Michelle Waymire, CFA is Young + Scrappy

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photos courtesy of Michelle Waymire

Unlike many of us, Michelle Waymire grew up in a household where talking about money wasn’t taboo. Her dad was an accounting professor and always tried to ingrain in her the basics of money: “don’t spend more than you bring in, be careful with debt, build your credit early, and be sure to save for retirement.” 

Michelle’s journey, however, before leading her down the path of a financial advisor, started when she graduated with a bachelors in International Studies and taught theatre in an inner charter school. That’s when she first began to understand her father’s words of wisdom when it came to money. 

“For the first time, I was living on a constrained salary, which required me to make my first real budget. Graduate school shortly thereafter brought a similar lifestyle, but the real turning point for me was again, last January when I left my job as a consultant,” says Michelle.

Google ‘millennials and money’ and you’ll see the media driving the hype behind whether they’re good or bad with money, depending on the day. Nobody is perfect. Despite having a solid foundation of financial literacy, Michelle felt the lure of the lifestyle creep when she transitioned from teacher to financial consultant after earning her MBA.

“I’d go a week or so tracking my expenses, then inevitably forget to log things. I was too lazy to check Mint (a budgeting app) and generally had no desire to constantly update a spreadsheet. On the bright side, this forced me to get really creative about how I approached budgeting, as well as led me to develop a system that anyone could follow,” says Michelle.

That deep understanding of human behavior and giving room to give ourselves some grace for forgetting to update our budgeting app because life happens is why Michelle is the best person to “help people get their financial shit together.” 

“My experiences have not only taught me about personal finance, though—they’ve given me the firsthand experience needed to better serve my peers.”

In January 2017, after “helping a bunch of old, white men sell investment products felt awful,” she quit the corporate life and founded Young + Scrappy, a more approachable financial advisement firm for those of us who need non-condescending advice about money and help grow our wealth.

It made sense. Her friends and strangers, knowing her background, would come up to her at parties asking follow up questions to her short-lived video series Drunk Finance. They would open up about their financial situations, from spending habits to retirement plans and debt. “It seemed as though we young people had such a thirst for this knowledge, and a need for a safe space in which to have productive conversations about this Very Scary Topic,” says Michelle.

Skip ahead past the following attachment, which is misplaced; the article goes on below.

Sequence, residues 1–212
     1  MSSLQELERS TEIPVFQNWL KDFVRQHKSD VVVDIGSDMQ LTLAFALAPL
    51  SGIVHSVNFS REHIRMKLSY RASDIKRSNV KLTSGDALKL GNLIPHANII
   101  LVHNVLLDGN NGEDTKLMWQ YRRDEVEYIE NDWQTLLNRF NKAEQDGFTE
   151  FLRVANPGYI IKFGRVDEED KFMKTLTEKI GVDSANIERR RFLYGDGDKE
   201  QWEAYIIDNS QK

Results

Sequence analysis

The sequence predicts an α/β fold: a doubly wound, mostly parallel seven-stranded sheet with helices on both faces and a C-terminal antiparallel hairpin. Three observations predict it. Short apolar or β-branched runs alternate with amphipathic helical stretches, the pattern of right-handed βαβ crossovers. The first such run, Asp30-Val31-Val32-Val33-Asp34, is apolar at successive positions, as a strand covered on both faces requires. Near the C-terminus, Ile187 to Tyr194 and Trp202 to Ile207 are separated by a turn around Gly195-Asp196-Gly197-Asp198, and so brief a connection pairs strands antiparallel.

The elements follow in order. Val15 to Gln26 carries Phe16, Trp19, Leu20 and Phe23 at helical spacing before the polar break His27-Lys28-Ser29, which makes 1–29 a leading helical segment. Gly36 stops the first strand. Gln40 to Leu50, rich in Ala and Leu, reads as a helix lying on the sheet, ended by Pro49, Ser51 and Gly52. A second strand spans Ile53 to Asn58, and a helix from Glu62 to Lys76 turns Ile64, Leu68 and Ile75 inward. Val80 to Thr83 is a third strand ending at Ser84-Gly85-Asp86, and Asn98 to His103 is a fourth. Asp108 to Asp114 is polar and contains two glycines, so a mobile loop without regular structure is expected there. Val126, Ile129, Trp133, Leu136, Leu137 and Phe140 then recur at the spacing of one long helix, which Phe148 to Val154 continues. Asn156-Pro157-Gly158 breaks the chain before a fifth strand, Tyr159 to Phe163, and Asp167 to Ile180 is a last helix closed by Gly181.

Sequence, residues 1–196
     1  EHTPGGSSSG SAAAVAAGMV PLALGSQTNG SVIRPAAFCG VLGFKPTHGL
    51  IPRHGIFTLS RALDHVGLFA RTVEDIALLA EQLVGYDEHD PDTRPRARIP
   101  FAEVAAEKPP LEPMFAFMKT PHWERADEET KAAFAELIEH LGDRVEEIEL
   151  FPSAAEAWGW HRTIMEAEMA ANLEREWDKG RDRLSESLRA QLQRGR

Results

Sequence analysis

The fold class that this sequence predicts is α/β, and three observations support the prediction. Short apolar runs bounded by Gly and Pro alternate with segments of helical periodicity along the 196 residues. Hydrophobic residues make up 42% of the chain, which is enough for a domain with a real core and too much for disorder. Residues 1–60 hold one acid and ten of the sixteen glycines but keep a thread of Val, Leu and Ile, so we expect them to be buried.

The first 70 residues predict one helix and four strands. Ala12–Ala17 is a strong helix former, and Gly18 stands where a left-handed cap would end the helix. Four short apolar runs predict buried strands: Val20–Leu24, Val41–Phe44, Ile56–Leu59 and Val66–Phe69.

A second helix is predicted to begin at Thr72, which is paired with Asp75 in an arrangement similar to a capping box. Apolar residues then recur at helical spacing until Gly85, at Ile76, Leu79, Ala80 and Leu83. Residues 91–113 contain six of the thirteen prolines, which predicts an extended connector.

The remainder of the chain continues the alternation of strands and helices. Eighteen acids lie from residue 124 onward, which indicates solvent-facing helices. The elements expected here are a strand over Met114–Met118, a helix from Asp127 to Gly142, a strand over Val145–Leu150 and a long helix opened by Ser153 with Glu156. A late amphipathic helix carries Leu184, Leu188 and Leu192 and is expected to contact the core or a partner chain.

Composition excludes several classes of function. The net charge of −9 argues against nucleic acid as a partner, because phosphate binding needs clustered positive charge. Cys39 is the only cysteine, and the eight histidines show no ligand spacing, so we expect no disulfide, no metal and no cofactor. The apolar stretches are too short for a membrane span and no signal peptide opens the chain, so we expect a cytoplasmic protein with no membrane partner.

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As CEO of Young + Scrappy, Michelle focuses in serving millennial professional women, LGBTQ+/polyamorous folx, and entrepreneurs, as she’s seen the most need within those groups. 

She offers investment management for beginners and job transitioning adults, a holistic approach to financial planning that covers budget coaching, 401(k) and student debt analysis while skipping the judgement, and financial coaching to make sure her clients have the right financial literacy education.

“If fear of your finances is holding you back from making a change, do some soul searching around that. What exactly are you afraid of? Afraid of understanding and owning your own negative behaviors? Afraid you’ll have all the info and no idea where to begin?” 

“Dig into those thoughts and really understand them. Acknowledge those fears, and then make a list of everything you’re trying to accomplish—and everything you’d need to learn about to get there. The biggest mistake people make is using that fear as an excuse to put off getting started,” says Michelle.  

While building her business in the past year has had many big accomplishments, including a shout-out on Glamour Mag this past March, Michelle shares that she struggles with fears as well, more specifically imposter syndrome.  

“It didn’t matter how long I had been in the industry, the fact that I had a Master’s degree and impressive creds, when I first started I was terrified to ask people for money in exchange for my advice,” says Michelle. It was only once I started to really have faith in my own value that I became more open to the concept of abundance.” 

“Now, my goal is to believe in the value I put into the world, give freely as much as I can, and understand that my good work will lead to good business results down the line.”

Understanding her value and helping others understand theirs has helped her build a strong community through her Facebook group and provide a safe space to facilitate often overwhelming conversations about money and the triggers that may come with it. 

“I believe that financial advice should be for everyone, not just people with buttloads of money to invest. Nobody ever teaches us this stuff,” says Michelle.  

“I’m fortunate to have so many friends and clients who are comfortable referring me to their loved ones. I continue to expand my circles, make connections, and help new people daily—what an immense honor.”